It's Hard Not to Get Caught Up in Rapture, Blister, Burn
In Gina Gionfriddo’s Rapture, Blister, Burn, Catherine is a successful academic played by Courtney Lomelo, who, in spite of tons of education, doesn’t have all the answers. The play opens as she drunkenly reconnects with her former graduate school friends Don and Gwen—who have not only married, but now have two boys. Apparently Catherine once had a thing with Don, but while she was out on some fabulous London fellowship, Gwen closed the deal.
For her part, Gwen (Elaine Robinson) matured into kind of a harridan. She is hard on Don (Nick Farco), his drinking, and his lack of ambition as a dean at a little-known school. She says “he likes to surround himself with losers,” seeming to miss the irony of herself being part of that group. Uptight and shrill, she seems to have an unlimited reserve of resentment, as she herself dropped out of graduate school to become a full-time mother.
It's not hard to see how the two women romanticize each other’s lives. Catherine thinks she has missed out on having a family, and Gwen thinks maybe she has missed out on some kind of glamorous academic career. This is “the grass is always greener” phenomenon amped up for the modern day, in which more choices for women seems to add up to a higher percentage of mistakes to be made. So begins the downward spiral into early middle-age regret. For women, this is often the road not taken of family or career—as if having both is some kind of impossibility. For this play, it sure seems that way.
The play is directed by Kim Tobin-Lehl, and I loved the pace and the impeccable timing between the characters as they struggle to get the things that they think they want, but not necessarily the things that suit them best. With Kevin Rigdon's convincing sets of middle-class domesticity played against Catherine's chic digs, all sorts of issues swirl: the tick-tock of the biological clock, the arrested development of men, the merits of first-wave and contemporary versions of feminism, and the occasional hypocrisy of academic writing. It’s pretty impressive how the playwright shows how these things are connected, related, and an outgrowth of our struggles with notions of professional and personal success.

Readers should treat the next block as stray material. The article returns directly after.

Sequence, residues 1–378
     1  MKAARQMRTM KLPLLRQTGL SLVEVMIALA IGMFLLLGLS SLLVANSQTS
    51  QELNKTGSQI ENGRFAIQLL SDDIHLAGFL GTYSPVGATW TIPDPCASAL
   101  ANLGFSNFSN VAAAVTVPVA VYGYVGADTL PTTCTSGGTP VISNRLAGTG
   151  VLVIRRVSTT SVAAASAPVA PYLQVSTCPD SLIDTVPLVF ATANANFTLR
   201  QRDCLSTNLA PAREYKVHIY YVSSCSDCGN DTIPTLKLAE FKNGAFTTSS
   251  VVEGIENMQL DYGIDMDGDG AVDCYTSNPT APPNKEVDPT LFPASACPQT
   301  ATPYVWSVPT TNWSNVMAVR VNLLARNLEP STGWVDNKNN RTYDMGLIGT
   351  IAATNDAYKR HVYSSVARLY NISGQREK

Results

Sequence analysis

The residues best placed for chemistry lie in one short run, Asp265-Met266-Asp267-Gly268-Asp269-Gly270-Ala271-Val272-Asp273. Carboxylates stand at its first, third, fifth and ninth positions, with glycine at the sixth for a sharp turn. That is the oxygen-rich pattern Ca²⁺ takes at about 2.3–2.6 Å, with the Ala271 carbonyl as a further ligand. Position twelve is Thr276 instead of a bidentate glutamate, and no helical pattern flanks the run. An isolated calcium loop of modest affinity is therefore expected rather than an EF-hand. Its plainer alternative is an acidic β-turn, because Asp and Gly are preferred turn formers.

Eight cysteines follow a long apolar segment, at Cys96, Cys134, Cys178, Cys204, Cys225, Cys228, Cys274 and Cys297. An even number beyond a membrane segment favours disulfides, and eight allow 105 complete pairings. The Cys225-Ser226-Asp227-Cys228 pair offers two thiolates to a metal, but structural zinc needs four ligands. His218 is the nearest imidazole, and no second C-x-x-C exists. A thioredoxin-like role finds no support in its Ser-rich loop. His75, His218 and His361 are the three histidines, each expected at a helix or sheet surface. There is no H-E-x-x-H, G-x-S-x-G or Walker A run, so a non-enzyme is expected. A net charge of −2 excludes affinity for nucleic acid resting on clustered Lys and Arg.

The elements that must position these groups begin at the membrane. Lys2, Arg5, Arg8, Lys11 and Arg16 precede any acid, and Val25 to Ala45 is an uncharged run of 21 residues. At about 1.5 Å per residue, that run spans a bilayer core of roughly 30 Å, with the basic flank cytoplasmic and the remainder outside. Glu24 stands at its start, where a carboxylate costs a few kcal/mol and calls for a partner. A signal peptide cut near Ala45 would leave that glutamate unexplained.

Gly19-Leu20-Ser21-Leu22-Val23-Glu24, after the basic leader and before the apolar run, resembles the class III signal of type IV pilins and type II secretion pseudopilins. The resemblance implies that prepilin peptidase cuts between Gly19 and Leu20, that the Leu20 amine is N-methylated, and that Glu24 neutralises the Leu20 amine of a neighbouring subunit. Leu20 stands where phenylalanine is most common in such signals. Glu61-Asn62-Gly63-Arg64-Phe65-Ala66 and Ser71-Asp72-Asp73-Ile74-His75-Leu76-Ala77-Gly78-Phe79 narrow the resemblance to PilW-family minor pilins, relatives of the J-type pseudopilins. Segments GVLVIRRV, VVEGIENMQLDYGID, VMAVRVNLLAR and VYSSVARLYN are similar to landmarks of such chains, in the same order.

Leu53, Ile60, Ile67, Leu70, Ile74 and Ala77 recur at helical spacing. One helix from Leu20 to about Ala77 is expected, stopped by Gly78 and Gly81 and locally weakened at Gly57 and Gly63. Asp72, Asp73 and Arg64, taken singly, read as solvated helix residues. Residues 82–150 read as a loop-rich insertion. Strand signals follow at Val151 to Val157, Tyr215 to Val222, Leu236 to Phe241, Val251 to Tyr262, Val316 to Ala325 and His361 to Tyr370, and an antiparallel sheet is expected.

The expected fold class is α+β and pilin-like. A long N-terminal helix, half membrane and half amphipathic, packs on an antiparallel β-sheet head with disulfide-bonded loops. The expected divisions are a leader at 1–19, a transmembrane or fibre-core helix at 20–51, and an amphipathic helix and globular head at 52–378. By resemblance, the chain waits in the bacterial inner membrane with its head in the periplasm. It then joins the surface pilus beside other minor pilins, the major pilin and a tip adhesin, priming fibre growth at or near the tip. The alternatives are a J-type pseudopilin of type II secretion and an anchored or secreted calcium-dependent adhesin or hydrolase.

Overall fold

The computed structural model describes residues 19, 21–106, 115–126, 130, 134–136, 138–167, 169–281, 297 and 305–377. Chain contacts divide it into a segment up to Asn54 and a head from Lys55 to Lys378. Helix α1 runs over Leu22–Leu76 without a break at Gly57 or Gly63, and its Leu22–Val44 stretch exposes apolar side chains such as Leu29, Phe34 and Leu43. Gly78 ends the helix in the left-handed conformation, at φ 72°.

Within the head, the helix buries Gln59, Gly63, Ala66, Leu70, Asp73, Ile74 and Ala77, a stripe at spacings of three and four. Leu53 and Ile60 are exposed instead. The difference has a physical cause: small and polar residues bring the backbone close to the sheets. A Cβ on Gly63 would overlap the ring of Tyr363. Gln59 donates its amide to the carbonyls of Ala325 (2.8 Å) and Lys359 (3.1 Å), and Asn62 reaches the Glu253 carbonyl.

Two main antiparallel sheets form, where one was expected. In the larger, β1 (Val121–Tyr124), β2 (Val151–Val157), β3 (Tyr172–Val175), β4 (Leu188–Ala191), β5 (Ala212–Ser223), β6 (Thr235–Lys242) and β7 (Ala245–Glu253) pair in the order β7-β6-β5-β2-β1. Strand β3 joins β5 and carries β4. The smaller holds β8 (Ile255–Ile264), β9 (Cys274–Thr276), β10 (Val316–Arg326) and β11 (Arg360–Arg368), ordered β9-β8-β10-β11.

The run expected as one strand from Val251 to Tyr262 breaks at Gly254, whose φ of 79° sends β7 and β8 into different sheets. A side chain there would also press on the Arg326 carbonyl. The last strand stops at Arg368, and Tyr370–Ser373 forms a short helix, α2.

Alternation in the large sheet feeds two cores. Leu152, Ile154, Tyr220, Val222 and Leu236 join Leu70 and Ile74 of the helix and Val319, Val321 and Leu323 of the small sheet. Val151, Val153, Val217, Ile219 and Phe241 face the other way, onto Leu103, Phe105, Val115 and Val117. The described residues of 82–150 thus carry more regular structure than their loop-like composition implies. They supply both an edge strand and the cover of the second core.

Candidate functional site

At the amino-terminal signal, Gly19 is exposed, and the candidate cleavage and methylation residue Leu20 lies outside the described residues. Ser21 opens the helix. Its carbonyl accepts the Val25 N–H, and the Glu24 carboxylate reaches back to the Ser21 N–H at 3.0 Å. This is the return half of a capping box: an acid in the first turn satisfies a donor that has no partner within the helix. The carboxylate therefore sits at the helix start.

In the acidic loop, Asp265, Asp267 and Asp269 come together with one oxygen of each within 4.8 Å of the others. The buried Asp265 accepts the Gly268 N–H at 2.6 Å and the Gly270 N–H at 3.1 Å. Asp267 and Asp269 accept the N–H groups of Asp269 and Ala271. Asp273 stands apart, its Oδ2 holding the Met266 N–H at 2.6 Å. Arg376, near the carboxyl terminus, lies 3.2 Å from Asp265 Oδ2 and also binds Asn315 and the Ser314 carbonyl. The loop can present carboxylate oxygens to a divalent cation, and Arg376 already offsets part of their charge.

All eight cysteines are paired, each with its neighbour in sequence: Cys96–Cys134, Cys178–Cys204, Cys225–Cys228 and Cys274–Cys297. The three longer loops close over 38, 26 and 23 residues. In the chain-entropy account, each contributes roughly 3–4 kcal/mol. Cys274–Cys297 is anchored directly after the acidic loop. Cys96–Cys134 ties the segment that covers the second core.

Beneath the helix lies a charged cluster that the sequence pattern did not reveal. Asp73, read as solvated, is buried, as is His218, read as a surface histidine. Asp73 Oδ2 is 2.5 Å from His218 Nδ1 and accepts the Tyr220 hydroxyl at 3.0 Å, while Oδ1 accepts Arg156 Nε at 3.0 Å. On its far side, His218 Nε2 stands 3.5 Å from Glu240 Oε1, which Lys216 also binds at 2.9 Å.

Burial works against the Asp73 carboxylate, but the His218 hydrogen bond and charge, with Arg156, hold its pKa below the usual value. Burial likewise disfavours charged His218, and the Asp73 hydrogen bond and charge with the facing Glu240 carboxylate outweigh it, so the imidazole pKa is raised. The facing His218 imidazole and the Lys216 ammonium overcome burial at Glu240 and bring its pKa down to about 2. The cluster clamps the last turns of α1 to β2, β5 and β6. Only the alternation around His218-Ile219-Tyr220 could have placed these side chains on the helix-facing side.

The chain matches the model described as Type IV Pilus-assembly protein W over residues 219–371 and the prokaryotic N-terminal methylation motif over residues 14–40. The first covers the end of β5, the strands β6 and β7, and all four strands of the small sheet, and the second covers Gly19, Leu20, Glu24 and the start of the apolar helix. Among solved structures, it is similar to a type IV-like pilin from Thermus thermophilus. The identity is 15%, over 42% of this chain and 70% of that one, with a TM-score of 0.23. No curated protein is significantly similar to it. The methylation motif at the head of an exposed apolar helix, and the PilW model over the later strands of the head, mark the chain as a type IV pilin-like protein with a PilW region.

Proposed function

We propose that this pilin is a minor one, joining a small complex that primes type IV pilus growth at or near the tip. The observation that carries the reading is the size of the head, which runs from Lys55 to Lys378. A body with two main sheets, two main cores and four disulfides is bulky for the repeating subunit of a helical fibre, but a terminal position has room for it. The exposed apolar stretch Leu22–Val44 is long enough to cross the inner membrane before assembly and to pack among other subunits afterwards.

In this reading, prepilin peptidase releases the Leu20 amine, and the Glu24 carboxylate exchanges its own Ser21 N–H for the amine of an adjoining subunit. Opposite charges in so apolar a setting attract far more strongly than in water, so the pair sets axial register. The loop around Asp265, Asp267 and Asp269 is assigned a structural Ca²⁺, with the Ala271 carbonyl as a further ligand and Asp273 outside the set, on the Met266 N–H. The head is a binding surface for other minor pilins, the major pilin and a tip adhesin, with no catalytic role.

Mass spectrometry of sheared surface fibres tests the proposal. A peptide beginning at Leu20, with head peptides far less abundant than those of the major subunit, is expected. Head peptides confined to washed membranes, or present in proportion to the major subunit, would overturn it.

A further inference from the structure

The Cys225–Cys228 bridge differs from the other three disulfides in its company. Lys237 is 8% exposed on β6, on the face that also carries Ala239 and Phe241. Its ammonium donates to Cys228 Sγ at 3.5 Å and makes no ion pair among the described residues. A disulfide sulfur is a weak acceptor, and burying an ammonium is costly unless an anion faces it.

There is a madcap quality to much of the unbelievable plot, but who cares? It is perfect for embodying the hysterical nature of midlife or almost-midlife crises. Consider the surprising role of Avery, played by Christina Austin Lopez, Gwen’s ex-babysitter and Catherine’s new student in a seminar for two, with Gwen as the other unlikely participant. Avery is twenty-something and knows everything, and seeing her consider the ideas of writers ranging from Betty Friedan and her feminine mystique to Nancy Friday’s women’s room secrets to Phyllis Schlafly’s iron-clad conservatism is something to behold. From politics to pornography, the playwright illuminates and sometimes satirizes the kaleidoscopic incarnations of feminist thought. It is not lost on the audience that Avery’s from-the-hip reactions are not only funny, but make modern academe look pretentious and even ridiculous at times. Catherine’s classes may focus on the crumbling of Western civilization, but we don’t need a class to know that.
Catherine’s studies eventually emerge as a form of avoidant behavior—one that can go on a little too long, and then voila, you forgot to have a family. Gwen’s intellectual insecurity spawns a plan to finish her degree and live in the big city, but that gets harder to do once three other people are involved. Hey, let’s face it: It's not uncommon to want to switch lives with someone else. In the end, Rapture, Blister, Burn reminds us that there is always a cost to every decision we make, but “you cannot outsource love.” Whether your family is makeshift or traditional, the decisions we make might begin in rapture and end in being burned, but this fine cast makes it all worth it.
Thru March 23. Tickets from $17. 4th Wall Theatre Co., 1824 Spring St. 832-767-4991. More info and tickets at 4thwalltheatreco.com.